Another Wrong Word

rogersgeorge on January 6th, 2018

I see this goof often enough that I think we’re going to lose this battle, (but if you write anything the least bit expository (you know—when you explain something (which this blog is about, after all))) you should use the correct word, regardless of what everybody else does. (Okay, I could have written a less convoluted sentence there, but I thought it would be fun to nest a couple parentheses.)

Anyway, the bad word is nauseous. At least it is when you mean nauseated.

Piranha Club - 12/27/2017

The rule: nauseous means you (or something) makes people want to throw up. Nauseated means you (or someone) feels like throwing up.

Don’t be nauseous to us who know better! We don’t like to feel nauseated!

PS: Did you hear about the frustrated cannibal? He threw up his arms.


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Quantum Mechanics in a Grammar Post?

rogersgeorge on December 22nd, 2017

Well, sort of. Really the post is about Latin plurals.

I’m learning that people prefer these posts to be short and (heh) sweet. Grammar does tend to get complicated at times, so I’ll try not to put so much, um, content into my posts.

Here’s a really short one about quantum mechanics; that should be doable, right?

Here’s the quote, from an article in This Day in History:

Planck’s theory held that radiant energy is made up of particle-like components, known as “quantum.”

Alas, the writer got his Latin plural wrong. The sentence should end with “quanta.” “Quanta” is like “data” and “criteria.” Those are plurals, and their singulars are “quantum,” “datum,” and “criterion.”

How’s that for short—only quantum mechanics and Latin plurals.

Really Short Lesson

rogersgeorge on December 2nd, 2017

I’m busy. Today’s lesson is short and sweet. Can you tell the mistake in English in this comic?

Well, it’s in the first panel. Aside from the fact that we have a false subject (it), you should say “It seems that people measure…”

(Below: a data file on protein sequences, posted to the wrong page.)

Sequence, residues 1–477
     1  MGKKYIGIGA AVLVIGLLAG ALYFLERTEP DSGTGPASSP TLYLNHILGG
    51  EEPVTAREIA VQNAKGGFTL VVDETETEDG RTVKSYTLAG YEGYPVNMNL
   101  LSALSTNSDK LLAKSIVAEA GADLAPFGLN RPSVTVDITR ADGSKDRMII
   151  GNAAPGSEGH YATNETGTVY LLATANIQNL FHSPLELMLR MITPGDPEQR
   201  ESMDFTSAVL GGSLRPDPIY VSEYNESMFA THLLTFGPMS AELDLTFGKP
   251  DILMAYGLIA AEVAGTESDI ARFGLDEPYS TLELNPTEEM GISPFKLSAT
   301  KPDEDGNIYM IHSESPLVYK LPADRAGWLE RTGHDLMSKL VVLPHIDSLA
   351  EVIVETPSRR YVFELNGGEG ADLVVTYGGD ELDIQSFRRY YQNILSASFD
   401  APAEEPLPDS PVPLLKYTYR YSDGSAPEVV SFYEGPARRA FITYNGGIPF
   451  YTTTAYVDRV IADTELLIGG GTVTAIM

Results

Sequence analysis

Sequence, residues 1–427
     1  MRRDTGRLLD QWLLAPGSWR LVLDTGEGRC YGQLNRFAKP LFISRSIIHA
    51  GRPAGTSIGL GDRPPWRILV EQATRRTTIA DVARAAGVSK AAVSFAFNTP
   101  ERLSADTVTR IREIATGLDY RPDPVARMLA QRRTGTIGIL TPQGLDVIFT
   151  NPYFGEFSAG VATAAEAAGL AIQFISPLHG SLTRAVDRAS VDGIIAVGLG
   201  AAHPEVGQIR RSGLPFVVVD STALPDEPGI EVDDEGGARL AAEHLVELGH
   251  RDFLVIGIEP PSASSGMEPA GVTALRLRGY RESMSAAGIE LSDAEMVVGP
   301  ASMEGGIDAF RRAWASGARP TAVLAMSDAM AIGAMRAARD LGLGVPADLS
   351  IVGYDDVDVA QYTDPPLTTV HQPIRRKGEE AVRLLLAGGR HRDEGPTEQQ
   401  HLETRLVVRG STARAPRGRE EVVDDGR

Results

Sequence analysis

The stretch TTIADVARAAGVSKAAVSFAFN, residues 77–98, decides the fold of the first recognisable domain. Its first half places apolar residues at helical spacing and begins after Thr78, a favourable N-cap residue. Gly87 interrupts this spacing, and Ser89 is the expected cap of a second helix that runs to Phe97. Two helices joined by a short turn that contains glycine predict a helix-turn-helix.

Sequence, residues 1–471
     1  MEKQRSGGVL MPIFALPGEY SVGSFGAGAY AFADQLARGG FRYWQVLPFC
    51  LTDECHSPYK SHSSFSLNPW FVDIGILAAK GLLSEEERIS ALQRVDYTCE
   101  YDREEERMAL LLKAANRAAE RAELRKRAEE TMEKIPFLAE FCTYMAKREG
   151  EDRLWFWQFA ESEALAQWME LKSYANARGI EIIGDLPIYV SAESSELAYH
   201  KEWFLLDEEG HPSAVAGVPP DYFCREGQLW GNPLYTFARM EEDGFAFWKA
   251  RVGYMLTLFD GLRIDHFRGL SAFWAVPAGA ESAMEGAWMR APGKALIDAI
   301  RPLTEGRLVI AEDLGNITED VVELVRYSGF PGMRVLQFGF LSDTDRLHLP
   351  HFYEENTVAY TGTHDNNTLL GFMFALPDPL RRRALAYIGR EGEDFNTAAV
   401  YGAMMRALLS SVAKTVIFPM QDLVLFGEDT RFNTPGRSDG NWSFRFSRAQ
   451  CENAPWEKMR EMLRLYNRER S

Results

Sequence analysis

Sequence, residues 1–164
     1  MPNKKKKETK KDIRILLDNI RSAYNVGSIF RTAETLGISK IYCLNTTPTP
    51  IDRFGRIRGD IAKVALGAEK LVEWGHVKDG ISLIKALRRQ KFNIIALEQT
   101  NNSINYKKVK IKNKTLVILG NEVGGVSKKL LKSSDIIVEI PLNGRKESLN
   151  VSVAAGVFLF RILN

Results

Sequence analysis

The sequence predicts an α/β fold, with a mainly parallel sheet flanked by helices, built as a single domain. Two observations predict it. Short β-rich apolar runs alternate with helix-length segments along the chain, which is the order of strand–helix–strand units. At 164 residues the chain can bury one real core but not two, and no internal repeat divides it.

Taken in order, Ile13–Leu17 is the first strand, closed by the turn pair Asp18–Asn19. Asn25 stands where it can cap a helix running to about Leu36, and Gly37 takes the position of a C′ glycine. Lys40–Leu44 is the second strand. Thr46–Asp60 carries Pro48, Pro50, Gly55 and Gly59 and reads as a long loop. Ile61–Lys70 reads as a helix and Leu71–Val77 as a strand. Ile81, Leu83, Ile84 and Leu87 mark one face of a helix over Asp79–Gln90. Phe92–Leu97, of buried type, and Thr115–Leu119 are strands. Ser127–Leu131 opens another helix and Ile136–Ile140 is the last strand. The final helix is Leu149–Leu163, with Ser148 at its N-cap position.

thanks today to Nathan Cooper’s In the Sticks for the quick lesson.

Why do Cartoonists Keep Posting Variations of this Joke?

rogersgeorge on November 28th, 2017

Maybe it’s an easy solecism to make fun of. Dogs of C-Kennel.


rogersgeorge on November 16th, 2017

I recently read an article about a book of words that English should have but doesn’t. (I tried to find it, and discovered there must be a million articles on the subject, so I suggest you do a search on “words not in English” or a similar phrase and go surfing. You’ll even find quite a few if you limit yourself to Scientific American.

Which brings us to a philosophical question: If English doesn’t have a word, can we even think the thought that the word represents? Yes! We use a circumlocution.

A circumlocution is a way of describing something without using the actual word; saying the word’s definition, as it were, or a metaphor of some kind for what the word is about. Usually we think of a circumlocution as a way to avoid using an embarrassing word; we sometimes call these euphemisms or “beating around the bush.”

It turns out English is full of idioms that are circumlocutions; today at breakfast I used a circumlocution and got teased about it; I decided this expression was a good subject to write a post about.

Four of us were enjoying breaking our nighttime fast (circumlocution for breakfast) and the coffee flowed generously (circumlocution for I drank a lot of coffee). Presently I had to get up, and I said, “Excuse me, I need to go use the men’s room.” (an obvious circumlocution for, um, what I intended to do in there (another circumlocution)). My buddy said, “Hope everything comes out all right.” (another one) And everyone laughed. This exchange would make no sense to anyone from a culture that had no taboos on scatology, but it made perfect sense to us American English speakers.

If you listen for them, I bet you’ll hear lots of circumlocutions in normal conversation.

And because I like to include pictures in my posts, I did a search on “men’s room comics” and found this example of not intending a circumlocution:

Image result for men's room cartoon